Getting into a microcontroller essentially means being able both to investigate how the devices work (by analyzing the dumped firmware) and to reprogram them to do unexpected things. Stacksmashing demonstrated this by configuring an AirTag to pass a non-Apple URL while in Lost Mode.
The lost position is losing a little more
When AirTag is set to Status is lost, touching any NFC-enabled smartphone to the tag brings up a notification with a link to found.apple.com. The link allows anyone who finds a lost item to contact its owner, in the hope that it leads to the lost item finding its way home.
After breaching the microcontroller, stacksmashing was able to replace the URL found.apple.com with another URL. In the above display, the modified URL leads to stacksmashing.net. By itself, this is pretty harmless—but it can lead to a small increase in targeted malware attacks.
Tapping the AirTag won’t open the website it’s pointing to directly—the owner of the phone will need to see the notification, see the URL it’s leading to, and choose to open it anyway. An advanced attacker can also use this method to convince a specific high-value target to open a custom malware site—think of this as similar to well-known “crop killed a lot with flash drives” technique used by penetration testers.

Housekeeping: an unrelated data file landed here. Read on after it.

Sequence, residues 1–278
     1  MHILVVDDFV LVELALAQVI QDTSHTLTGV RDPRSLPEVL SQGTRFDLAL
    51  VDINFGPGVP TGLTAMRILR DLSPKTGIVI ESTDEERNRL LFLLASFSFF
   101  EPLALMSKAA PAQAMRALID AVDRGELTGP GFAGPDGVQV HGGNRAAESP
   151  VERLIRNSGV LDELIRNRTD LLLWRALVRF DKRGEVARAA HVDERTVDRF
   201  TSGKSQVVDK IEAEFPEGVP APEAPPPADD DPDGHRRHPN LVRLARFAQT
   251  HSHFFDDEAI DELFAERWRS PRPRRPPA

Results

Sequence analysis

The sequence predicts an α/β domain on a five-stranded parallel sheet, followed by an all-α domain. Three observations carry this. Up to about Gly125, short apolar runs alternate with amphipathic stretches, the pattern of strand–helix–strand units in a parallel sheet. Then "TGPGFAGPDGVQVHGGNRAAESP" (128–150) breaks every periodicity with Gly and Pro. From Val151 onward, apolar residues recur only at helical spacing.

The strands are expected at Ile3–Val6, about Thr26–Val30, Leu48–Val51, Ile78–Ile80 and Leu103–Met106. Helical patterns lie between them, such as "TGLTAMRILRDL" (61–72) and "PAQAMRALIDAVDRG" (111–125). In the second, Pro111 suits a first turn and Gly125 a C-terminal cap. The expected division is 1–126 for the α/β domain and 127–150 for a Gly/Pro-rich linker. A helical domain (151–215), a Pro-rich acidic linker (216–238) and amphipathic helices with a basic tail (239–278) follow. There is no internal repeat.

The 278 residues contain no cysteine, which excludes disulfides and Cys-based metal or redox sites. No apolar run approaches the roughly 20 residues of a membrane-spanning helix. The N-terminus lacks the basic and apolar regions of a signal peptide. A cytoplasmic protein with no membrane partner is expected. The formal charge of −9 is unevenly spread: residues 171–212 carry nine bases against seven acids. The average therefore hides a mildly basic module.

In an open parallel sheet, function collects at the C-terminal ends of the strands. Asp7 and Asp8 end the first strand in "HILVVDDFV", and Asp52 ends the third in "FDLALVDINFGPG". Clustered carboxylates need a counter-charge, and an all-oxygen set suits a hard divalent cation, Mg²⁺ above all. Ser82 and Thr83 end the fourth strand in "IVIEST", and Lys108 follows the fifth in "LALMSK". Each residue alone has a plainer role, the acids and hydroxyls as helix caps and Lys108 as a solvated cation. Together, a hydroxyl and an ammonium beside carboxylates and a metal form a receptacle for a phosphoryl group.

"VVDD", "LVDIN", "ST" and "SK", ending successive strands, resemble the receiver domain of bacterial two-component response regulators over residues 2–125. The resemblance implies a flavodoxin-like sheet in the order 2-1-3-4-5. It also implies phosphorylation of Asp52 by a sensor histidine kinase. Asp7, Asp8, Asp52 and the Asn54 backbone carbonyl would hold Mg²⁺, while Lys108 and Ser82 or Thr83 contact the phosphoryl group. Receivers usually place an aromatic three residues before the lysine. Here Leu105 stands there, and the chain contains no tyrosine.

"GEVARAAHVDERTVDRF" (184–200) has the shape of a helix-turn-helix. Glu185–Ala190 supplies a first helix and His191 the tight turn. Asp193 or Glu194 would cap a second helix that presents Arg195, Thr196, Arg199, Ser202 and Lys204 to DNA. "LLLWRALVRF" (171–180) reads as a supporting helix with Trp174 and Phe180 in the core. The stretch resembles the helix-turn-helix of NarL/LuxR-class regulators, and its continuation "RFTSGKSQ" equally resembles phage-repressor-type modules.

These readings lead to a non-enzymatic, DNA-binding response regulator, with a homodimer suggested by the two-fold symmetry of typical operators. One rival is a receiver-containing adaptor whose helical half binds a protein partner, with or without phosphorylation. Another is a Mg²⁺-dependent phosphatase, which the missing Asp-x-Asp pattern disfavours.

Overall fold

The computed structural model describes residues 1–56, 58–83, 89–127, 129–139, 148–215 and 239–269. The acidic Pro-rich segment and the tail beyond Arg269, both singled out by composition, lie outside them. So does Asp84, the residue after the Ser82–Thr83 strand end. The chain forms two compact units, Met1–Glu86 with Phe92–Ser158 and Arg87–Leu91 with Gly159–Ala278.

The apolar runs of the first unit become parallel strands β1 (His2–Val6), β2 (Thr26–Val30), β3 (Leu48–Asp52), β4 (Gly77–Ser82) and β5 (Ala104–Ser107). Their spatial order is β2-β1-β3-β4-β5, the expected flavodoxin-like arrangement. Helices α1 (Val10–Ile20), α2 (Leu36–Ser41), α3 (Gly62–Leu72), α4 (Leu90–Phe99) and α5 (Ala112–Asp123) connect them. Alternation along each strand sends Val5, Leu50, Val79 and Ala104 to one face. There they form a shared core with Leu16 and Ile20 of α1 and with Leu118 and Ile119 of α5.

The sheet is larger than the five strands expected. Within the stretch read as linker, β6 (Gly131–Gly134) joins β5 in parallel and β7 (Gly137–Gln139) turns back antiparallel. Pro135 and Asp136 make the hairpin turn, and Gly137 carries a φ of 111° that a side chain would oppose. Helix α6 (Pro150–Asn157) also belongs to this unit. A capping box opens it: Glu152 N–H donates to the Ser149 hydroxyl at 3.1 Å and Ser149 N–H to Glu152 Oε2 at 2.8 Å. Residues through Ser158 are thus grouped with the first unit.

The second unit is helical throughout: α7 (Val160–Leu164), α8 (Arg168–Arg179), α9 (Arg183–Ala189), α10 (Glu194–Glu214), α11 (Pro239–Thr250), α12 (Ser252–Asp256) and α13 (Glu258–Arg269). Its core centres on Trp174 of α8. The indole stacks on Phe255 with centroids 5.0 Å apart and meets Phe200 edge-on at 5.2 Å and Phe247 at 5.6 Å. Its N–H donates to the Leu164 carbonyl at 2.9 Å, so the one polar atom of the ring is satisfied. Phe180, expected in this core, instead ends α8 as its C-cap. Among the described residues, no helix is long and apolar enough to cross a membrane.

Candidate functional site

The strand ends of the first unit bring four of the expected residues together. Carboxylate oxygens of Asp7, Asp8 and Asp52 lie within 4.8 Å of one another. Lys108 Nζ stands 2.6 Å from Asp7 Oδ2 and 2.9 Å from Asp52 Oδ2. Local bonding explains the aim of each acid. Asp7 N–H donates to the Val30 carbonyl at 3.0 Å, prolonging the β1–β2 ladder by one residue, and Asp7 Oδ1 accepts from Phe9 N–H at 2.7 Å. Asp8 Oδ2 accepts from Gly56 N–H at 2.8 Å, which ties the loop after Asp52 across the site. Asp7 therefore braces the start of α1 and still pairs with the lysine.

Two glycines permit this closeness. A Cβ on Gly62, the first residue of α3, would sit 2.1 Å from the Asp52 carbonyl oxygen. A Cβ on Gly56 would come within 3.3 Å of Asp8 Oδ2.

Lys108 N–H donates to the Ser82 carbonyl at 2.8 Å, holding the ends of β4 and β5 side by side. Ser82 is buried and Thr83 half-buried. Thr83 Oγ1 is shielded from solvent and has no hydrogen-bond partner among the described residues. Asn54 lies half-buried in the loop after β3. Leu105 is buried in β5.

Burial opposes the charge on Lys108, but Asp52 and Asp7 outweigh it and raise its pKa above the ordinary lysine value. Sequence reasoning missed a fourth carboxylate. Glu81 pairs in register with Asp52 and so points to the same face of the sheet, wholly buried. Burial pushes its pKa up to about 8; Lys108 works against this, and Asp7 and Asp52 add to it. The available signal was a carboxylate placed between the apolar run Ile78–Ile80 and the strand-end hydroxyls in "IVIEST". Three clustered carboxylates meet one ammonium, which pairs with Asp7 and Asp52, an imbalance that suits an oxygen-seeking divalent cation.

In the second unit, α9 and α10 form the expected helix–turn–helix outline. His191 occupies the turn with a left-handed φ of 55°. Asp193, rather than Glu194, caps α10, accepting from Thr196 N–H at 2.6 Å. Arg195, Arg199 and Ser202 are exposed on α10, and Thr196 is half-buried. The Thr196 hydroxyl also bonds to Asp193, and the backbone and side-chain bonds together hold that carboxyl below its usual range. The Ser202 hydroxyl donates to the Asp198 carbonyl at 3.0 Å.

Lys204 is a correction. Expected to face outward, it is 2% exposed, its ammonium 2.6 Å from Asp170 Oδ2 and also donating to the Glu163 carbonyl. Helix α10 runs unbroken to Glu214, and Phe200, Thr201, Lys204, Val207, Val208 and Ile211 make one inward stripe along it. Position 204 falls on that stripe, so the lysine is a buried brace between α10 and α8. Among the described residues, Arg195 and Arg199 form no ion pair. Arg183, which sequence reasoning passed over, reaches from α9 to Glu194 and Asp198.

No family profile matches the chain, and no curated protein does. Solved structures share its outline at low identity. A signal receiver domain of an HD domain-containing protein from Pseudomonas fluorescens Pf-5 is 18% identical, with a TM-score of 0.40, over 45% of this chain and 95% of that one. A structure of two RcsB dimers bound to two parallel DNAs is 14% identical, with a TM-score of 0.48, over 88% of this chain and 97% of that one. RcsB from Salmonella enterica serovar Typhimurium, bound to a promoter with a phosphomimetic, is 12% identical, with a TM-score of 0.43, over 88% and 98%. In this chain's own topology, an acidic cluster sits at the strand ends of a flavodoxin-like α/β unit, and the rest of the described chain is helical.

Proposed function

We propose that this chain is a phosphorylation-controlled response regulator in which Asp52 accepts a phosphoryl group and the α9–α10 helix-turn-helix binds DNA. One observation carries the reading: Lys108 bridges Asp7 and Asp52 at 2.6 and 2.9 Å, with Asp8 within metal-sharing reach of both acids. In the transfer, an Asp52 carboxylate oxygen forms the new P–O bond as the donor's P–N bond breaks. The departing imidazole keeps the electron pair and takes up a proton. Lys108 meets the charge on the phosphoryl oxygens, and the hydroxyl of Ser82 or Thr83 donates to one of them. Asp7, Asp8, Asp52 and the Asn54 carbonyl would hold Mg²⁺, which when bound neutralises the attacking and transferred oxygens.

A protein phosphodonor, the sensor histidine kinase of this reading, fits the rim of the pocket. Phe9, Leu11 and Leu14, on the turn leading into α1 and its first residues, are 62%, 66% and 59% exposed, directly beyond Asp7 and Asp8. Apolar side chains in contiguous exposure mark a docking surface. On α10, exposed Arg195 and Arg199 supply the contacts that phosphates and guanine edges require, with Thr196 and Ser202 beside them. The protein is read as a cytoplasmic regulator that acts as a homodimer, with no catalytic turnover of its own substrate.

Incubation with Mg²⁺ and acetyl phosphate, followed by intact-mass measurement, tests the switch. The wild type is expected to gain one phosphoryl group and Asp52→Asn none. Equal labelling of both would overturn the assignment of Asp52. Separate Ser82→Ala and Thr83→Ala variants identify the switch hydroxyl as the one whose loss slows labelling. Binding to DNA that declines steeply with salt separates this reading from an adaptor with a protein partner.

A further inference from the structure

AirTag’s privacy problems just got worse
AirTags have a serious privacy problem, especially when running stock firmware. The devices report their location quickly enough — thanks to the use of detection by any nearby iDevices, regardless of owner — to have significant potential as a stalker app.
It was not immediately clear how the firmware hack could change this threat landscape—but an attacker could, for example, find ways to disable the “Foreign AirTag” notification on nearby iPhones.
When a standard AirTag travels near an iPhone not for several hours, that iPhone receives a notification about the nearby tag. This hopefully reduces the viability of AirTags as a tracking tool—at least if the target carries an iPhone. Android users do not receive any notifications if a foreign AirTag is traveling with them, regardless of the length of time.
After about three days, the missing AirTag will start making an audible noise—which will alert a target to the tracking device’s presence. An attacker could modify the AirTag’s firmware to be silent instead, expanding the window of viability of the tag being hacked as a way to track down a victim.
Now that the first AirTag has been “jailbroken,” it looks like Apple will respond with server side effects to block non-standard AirTags from its network. Without access to Apple’s network, the usefulness of AirTag—whether for its intended purpose or as a tool to track down an unsuspecting victim—will become insignificant.
Image listing by stacksmashing